Commitment to Service is More Than A Tagline

Commitment to Service is More Than A Tagline

Let me be honest with you: sometimes things are not what they seem.

(A shock, I know.)

Sometimes things are advertised or labelled without actually being true. Sometimes people say or write things that aren’t necessarily accurate in the hopes of catching your interest and hoping you’ll focus on other things instead of their tricks. (I’m looking at you, clickbait article headlines.)

I won’t name names or point fingers at other colleges and universities around the world, but I’ll tell you what I know: Loyola doesn’t do that.

(A shock, I know.)

Loyola really does have a huge commitment to social justice and social issues, commitment to service and cares about the individual. I could write a million blog posts on how Loyola really cares for the student, but I’ll keep myself focused on one particular topic – service.


First off, you might not know, but Loyola has Learning Communities that unite a group of like-minded people, whether it be Leadership, Honors, Research, or – you guessed it – Service & Faith. These people are very involved and are constantly involved in ways they can help.

Second, though (I believe) this is rote for all fraternities and sororities, our chapters are heavily involved in their charities and work tirelessly to go above and beyond to raise money for osteoporosis, the Ronald McDonald House, Make-a-Wish Foundation, and so on. There’s even a service-oriented co-ed fraternity, APO.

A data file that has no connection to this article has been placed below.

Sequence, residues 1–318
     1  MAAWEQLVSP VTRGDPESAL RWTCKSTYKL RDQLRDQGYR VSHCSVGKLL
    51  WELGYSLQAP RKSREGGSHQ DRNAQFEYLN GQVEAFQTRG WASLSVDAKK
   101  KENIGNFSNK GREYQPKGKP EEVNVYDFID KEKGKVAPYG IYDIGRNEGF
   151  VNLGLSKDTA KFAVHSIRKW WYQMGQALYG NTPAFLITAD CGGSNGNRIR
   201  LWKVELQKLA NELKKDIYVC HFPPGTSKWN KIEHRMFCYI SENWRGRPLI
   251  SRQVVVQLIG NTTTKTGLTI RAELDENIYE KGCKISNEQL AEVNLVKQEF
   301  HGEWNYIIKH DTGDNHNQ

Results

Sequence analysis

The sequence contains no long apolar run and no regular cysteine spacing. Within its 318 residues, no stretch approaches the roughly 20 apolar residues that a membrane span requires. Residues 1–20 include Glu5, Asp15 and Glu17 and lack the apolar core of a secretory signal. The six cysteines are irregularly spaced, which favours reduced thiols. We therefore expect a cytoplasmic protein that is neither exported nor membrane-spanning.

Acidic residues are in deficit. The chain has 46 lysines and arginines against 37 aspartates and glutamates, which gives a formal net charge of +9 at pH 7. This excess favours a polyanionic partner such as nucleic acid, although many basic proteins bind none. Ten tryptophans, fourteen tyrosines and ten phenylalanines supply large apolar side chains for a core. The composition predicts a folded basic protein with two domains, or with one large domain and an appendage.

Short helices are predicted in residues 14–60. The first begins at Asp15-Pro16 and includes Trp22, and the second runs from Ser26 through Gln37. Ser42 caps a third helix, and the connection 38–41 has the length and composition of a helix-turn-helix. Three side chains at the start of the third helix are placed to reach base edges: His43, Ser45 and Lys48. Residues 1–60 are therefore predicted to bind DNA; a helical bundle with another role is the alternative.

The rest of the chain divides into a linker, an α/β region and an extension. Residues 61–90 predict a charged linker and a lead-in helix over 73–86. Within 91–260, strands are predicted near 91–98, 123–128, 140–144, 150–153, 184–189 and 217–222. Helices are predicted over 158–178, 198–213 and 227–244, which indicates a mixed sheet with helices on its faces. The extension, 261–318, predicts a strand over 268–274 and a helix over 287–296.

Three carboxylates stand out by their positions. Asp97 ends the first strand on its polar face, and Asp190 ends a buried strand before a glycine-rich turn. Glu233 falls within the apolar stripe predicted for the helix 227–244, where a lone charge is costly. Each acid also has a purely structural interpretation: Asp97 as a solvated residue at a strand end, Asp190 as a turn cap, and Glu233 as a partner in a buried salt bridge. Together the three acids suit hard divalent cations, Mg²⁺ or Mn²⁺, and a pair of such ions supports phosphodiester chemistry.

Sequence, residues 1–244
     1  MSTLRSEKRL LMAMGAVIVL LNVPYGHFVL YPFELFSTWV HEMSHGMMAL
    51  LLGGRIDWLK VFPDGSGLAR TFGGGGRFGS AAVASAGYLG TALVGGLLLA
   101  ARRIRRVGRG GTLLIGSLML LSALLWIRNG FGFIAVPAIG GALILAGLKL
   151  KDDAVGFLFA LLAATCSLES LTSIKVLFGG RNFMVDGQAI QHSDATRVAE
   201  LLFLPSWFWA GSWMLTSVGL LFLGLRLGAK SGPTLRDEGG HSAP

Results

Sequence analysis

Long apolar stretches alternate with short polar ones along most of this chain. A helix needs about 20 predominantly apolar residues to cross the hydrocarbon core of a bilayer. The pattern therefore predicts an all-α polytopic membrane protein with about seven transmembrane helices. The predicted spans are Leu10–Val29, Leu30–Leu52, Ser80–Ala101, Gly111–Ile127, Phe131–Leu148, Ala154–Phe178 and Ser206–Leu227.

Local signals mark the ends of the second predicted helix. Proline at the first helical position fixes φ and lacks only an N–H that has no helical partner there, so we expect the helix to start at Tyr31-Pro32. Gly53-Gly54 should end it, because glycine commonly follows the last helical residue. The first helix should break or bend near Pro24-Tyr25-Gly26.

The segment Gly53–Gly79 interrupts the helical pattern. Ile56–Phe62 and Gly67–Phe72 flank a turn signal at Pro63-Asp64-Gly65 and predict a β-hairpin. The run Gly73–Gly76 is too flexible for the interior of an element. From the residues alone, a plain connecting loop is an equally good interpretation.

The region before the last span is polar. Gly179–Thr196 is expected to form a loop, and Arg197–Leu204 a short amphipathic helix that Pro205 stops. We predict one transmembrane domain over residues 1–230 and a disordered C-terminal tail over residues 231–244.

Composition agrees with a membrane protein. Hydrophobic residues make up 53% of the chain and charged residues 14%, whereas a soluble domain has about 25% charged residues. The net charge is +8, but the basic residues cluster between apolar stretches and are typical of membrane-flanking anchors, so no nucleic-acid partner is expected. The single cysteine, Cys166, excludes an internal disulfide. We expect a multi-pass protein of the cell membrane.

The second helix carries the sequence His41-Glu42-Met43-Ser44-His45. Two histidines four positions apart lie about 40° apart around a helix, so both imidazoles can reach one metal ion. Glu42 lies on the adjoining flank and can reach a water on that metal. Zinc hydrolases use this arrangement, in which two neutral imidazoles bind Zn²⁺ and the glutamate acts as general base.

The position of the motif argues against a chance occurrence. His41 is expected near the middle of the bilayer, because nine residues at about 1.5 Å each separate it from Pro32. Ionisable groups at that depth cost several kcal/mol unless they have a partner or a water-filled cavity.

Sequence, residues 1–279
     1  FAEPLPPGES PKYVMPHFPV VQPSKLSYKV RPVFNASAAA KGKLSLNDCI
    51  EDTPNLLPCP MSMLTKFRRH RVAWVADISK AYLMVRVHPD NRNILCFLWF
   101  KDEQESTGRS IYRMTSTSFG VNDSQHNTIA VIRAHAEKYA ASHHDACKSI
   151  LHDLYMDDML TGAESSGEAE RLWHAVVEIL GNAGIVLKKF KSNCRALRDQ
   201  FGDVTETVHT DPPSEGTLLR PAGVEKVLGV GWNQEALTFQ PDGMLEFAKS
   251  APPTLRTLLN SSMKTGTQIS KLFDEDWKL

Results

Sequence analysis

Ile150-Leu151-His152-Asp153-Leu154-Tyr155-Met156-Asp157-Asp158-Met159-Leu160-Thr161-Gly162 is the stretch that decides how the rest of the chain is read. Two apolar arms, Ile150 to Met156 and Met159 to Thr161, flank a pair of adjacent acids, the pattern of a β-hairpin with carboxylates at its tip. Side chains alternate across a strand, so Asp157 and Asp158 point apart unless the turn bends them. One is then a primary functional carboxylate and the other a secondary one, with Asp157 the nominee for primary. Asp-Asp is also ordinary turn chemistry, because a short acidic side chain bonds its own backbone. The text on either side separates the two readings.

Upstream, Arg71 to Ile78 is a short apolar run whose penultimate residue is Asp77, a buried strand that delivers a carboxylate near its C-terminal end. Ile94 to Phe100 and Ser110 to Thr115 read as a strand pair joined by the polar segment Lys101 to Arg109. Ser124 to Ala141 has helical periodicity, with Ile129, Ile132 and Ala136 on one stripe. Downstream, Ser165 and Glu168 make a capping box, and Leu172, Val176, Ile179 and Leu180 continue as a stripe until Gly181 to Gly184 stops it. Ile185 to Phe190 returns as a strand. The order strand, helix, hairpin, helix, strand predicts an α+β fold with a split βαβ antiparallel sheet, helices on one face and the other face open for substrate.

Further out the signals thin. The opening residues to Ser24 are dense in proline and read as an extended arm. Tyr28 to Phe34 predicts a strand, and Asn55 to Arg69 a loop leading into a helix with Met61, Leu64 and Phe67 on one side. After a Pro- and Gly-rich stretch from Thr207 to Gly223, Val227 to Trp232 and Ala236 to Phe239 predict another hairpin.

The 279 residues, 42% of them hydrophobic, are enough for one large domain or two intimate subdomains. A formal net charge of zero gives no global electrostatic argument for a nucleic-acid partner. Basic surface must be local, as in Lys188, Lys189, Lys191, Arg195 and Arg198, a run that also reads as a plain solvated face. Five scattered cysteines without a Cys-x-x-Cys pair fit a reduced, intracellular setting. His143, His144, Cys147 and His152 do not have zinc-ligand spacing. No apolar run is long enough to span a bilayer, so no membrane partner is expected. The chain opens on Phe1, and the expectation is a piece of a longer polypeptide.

Third, clubs and organizations often do more than their focus. Honors Student Association, for example, not only hosts events and programs for Honors Program members but organizes weekly volunteer trips to places like Just Harvest to lend as many hands as they have. The Quidditch team raises money and support in ‘Febru-Harry’ for Relay for Life.

Fourth, Loyola requires every student to take at least one Service Learning class before graduation. This means that the class is tightly intertwined with volunteering and may require a set number of hours per semester at a site or other such actions that mean that the student and class are actively making a difference.

Fifth, Loyola has a program called Loyola 4 Chicago that sets up sites such as Misericordia or Sarah’s Circle and organizes groups of students that go weekly to lend aid. Though it may be nothing more than helping a person with developmental disabilities with their knitting project, they still emphasize the difference the students are making without, perhaps, realizing.


Although Loyola has many, many more ways that show how much both the student body and the administration are committed to service, I’ll leave you with these to think about. Of course you’re totally free to learn more, and if you have any questions I can help too! But trust me when I tell you Loyola really means every word they write on those stacks and stacks and stacks of paper they send in the mail.


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